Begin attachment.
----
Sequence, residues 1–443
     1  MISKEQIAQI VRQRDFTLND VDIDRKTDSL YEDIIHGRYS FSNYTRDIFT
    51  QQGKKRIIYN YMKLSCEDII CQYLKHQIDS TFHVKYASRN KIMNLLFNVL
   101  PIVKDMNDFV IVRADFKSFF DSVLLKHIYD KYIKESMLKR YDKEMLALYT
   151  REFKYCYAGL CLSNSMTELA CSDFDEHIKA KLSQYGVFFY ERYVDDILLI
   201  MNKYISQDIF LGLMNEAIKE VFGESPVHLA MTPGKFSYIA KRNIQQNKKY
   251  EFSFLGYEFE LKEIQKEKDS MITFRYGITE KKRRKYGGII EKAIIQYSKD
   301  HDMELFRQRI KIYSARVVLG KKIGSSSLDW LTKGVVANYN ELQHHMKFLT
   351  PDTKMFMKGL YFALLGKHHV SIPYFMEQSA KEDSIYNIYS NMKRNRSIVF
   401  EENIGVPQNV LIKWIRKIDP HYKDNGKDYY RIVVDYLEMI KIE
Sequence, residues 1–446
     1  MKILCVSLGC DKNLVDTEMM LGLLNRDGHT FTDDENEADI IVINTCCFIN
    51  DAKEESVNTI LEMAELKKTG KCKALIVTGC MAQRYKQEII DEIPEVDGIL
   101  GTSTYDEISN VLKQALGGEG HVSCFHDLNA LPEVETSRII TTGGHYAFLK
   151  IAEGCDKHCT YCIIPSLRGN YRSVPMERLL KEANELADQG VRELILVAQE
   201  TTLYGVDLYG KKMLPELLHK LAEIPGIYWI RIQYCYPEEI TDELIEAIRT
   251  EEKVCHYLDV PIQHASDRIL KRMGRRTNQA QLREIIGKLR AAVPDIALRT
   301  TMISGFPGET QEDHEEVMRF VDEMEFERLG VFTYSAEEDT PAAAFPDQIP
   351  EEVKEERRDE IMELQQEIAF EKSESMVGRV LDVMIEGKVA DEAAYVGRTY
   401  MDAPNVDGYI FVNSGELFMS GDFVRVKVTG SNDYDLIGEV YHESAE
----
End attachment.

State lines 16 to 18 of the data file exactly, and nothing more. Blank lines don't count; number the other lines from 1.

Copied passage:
   201  TTLYGVDLYG KKMLPELLHK LAEIPGIYWI RIQYCYPEEI TDELIEAIRT
   251  EEKVCHYLDV PIQHASDRIL KRMGRRTNQA QLREIIGKLR AAVPDIALRT
   301  TMISGFPGET QEDHEEVMRF VDEMEFERLG VFTYSAEEDT PAAAFPDQIP